More to come on this interesting topic.

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Tuesday, January 16, 2007

Collaboration as an effective exploration tool.

One of the most difficult areas that needs to be approached is the secretive culture of the energy industry. This has always confused me. As most of the earth scientists and engineers involved in oil and gas have had some exposure to the academic world with its "publish or perish" and "peer review" methods of establishing and securing intellectual property. Why is there a hesitancy to publish what you know to earn the copyrights to what you discover? It might be suggested that the producers policies are the reasons for the secretive nature.

I read an interesting story in Canada's National Post this past weekend about Don Tapscott's new book, (no online version of this article can be found, the book on Amazon is here). The book is co-authored by Anthony D. Williams and is entitled "Wikinomics; How Mass Collaboration Changes Everything." An interesting title, however the story from my point of view is almost too good to be true. Apparently the CEO of GoldCorp Inc. Rob McEwen published all of the intellectual property information he and his small firm had on a certain mine that he owned. The small Toronto based miner was "struggling, besieged by strikes, lingering debts and an increasingly high cost of production." Sounds kind of familiar to me.

The short version of the story has McEwan hearing the story of Linus Torvalds and Linux during a visit to MIT in 1999. This brought McEwan to think:

"If Goldcorp employees couldn't find the Red Lake gold, maybe someone else could. And maybe the key to finding those people was to open up the exploration process in the same way Mr. Torvalds open-sourced Linux."
He then published all the data that was available about the mine and shared it with the world.
Turning the situation into a bit of a lottery with the best proposals being motivated to the challenge by $575,000 in prize money. The response to the challenge was significant. "Prospectors" from around the world got involved. The surprising thing was the entries came from disciplines that are not normally associated with geology. Students, consultants, mathematicians and military officers all contributed, representing applied math, advanced physics, intelligent systems, and computer graphics.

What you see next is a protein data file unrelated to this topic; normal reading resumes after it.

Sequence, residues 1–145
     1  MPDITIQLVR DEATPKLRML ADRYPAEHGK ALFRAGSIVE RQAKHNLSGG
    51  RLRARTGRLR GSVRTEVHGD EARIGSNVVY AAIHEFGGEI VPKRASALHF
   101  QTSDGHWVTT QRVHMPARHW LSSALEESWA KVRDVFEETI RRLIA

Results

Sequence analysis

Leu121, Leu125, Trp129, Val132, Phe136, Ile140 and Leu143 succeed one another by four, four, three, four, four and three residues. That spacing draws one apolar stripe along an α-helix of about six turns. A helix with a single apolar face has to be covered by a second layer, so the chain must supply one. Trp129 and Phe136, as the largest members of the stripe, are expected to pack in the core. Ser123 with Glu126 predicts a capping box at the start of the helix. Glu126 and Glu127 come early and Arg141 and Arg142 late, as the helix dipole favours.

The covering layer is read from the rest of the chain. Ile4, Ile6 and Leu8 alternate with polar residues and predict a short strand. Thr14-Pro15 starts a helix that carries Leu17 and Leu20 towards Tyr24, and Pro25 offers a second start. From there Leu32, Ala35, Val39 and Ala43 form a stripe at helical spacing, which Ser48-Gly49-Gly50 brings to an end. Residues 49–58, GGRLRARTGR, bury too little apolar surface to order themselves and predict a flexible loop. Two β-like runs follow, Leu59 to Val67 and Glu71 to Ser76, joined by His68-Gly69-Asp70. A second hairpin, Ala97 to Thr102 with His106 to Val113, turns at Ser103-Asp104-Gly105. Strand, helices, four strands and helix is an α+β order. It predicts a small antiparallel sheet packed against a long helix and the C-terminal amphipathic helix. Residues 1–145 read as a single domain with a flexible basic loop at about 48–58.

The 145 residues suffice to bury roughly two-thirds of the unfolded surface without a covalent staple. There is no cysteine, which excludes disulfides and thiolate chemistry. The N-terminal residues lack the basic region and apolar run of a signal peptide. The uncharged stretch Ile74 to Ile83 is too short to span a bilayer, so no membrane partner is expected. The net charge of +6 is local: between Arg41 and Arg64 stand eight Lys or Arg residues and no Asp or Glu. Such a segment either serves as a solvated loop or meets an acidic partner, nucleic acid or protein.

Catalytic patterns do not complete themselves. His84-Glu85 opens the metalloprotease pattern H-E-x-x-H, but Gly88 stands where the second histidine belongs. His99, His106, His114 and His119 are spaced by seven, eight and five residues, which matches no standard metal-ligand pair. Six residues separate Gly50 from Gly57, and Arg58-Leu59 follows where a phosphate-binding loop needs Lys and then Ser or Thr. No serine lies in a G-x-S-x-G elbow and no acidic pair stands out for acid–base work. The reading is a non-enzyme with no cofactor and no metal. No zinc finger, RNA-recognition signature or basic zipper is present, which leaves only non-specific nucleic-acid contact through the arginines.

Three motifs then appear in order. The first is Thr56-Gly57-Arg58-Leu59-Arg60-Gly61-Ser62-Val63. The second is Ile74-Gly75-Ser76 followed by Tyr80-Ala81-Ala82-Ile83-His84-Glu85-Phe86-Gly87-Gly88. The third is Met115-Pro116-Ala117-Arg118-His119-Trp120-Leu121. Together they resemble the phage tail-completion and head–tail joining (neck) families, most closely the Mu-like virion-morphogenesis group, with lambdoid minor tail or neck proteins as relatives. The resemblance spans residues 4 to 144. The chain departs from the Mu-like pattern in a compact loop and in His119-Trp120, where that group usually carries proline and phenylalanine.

The results were surprising.
"110 targets were identified on the property 50% of which had never been identified by the company. More then 80% of the new targets yielded substantial quantities of gold. In fact, since the challenge was initiated, an astounding eight million ounces of gold have been found. Mr. McEwen estimates the collaborative process shaved two to three years off their exploration time."
"It catapulted the under performing $100 million mining company into a $9 billion juggernaut."
The conclusion to this excerpt is a difficult lesson, and one that takes a long time to learn.
"The Goldcorp story flies in the face of much conventional wisdom about how to run a business. Companies seek to protect their intellectual property, and through hiring and retaining the best people they generate new ideas, make new discoveries, compete and grow their business lines. Mr. McEwen saw things differently. He realized the uniquely qualified minds to make new discoveries were probably outside the boundaries of his organization, and by sharing some intellectual property he could harness a powerful new force - mass collaboration. In doing so, he stumbled successfully into the future of innovation, business and how wealth and just about everything else will be created."
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Monday, January 15, 2007

A clarification of my contradiction.